Idiopathic pulmonary fibrosis (IPF) is a progressive disease characterized by fibroblast proliferation and excess deposition of collagen and other extracellular matrix (ECM) proteins, which lead to distorted lung architecture and function(1). Given that anti-inflammatory or immunosuppressive therapy currently used for IPF does not improve disease progression therapies targeted to blocking the mechanisms of fibrogenesis are needed(1). Although transforming growth factor-beta (TGF-beta) functions are crucial in fibrosis(2,3), antagonizing this pathway in bleomycin-induced pulmonary fibrosis, an animal model of IPF, does not prevent fibrosis completely(4-7), indicating an additional pathway also has a key role in fibrogenesis. Given that the loss of cytosolic phospholipase A(2) (cPLA(2)) suppresses bleomycin-induced pulmonary fibrosis(8), we examined the roles of prostaglandins using mice lacking each prostoaglandin receptor(9-15). Here we show that loss of prostaglandin F (PGF) receptor (FP) selectively attenuates pulmonary fibrosis while maintaining similar levels of alveolar inflammation and TGF-beta stimulation as compared to wild-type (WT) mice, and that FP deficiency and inhibition of TGF-beta signaling additively decrease fibrosis. Furthermore, PGF(2 alpha) is abundant in bronchoalveolar lavage fluid (BALF) of subjects with IPF and stimulates proliferation and collagen production of lung fibroblasts via FP, independently of TGF-beta. These findings show that PGF(2 alpha)-FP signaling facilitates pulmonary fibrosis independently of TGF-beta and suggests this signaling pathway as a therapeutic target for IPF.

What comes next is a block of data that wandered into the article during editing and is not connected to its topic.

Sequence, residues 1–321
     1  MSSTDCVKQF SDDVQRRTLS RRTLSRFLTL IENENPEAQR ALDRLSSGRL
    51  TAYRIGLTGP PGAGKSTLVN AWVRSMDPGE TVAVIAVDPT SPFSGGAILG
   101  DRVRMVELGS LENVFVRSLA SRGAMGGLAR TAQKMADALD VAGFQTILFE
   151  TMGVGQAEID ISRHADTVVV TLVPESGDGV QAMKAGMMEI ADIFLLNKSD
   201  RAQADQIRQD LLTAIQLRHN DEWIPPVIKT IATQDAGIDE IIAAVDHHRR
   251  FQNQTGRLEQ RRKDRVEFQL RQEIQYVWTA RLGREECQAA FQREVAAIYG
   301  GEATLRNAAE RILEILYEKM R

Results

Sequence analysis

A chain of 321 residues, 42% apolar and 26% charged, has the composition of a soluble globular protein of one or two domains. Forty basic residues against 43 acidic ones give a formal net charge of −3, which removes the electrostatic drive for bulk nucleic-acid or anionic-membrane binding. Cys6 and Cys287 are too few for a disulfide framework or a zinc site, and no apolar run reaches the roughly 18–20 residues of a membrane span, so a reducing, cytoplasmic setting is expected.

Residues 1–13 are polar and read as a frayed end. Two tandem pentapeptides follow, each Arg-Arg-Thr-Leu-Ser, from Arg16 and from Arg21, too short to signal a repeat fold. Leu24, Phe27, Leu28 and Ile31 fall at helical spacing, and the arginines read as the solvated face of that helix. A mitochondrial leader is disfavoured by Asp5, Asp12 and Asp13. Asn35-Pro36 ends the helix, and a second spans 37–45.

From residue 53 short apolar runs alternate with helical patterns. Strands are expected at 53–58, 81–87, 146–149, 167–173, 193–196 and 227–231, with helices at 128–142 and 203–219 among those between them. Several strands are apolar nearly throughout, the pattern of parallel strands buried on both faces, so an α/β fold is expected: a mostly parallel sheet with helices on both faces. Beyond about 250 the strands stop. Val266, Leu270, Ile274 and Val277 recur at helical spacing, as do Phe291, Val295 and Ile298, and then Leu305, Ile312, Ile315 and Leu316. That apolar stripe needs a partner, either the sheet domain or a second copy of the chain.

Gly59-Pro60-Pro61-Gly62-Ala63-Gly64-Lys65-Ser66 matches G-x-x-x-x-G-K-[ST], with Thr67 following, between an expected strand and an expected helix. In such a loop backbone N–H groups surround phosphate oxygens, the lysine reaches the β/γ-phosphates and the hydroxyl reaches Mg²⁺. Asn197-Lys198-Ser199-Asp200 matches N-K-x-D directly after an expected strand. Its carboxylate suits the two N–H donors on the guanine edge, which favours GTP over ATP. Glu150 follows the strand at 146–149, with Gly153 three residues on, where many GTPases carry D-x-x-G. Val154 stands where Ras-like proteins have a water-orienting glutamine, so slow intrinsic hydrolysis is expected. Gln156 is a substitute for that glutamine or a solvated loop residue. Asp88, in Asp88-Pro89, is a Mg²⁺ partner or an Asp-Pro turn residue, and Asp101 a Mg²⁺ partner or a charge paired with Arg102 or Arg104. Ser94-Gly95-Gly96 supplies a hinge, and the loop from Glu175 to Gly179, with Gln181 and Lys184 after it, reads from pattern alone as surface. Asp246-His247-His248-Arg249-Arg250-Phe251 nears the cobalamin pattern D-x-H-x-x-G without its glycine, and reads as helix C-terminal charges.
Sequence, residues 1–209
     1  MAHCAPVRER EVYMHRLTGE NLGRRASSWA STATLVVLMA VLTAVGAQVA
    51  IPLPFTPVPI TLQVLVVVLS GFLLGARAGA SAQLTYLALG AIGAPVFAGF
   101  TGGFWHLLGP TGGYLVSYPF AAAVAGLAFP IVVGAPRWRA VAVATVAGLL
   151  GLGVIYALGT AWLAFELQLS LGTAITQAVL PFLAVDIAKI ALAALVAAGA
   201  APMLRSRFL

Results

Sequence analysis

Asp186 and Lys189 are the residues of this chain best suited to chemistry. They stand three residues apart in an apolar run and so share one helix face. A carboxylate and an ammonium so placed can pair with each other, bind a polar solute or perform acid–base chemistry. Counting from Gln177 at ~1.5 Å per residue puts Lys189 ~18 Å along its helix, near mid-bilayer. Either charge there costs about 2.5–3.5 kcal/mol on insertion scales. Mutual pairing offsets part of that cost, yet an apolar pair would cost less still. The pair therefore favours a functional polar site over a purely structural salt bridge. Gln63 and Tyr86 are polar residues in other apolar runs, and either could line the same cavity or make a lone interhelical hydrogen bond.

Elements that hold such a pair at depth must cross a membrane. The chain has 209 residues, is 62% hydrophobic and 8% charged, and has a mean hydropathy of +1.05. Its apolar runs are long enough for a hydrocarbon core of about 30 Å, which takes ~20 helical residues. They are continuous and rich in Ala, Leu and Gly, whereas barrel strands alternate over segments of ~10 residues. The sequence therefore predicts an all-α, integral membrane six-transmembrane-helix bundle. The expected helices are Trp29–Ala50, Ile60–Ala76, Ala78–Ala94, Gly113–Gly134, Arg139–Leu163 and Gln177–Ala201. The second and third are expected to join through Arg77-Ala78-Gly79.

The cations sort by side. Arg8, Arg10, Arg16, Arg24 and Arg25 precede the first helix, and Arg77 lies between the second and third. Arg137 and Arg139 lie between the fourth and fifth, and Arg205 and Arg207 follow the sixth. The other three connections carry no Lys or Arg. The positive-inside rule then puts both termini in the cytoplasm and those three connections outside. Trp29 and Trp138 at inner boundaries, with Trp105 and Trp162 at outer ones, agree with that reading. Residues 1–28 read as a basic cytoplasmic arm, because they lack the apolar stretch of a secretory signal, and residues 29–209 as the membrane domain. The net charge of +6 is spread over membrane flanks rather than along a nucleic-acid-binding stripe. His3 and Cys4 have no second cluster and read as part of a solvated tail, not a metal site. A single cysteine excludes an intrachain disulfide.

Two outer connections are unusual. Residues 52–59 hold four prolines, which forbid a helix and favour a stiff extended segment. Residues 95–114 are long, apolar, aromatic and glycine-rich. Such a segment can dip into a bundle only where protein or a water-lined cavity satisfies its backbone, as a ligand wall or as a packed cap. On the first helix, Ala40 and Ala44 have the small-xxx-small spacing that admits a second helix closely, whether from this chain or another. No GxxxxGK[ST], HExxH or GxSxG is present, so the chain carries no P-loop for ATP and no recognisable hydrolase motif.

- MICE LACKING
- INDUCED LUNG FIBROSIS